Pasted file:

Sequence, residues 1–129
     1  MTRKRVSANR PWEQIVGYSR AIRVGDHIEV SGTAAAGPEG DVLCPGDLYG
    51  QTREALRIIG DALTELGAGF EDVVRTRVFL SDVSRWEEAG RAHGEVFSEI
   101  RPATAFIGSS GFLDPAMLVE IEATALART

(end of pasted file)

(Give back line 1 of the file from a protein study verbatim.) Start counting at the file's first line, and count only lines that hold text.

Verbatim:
Sequence, residues 1–129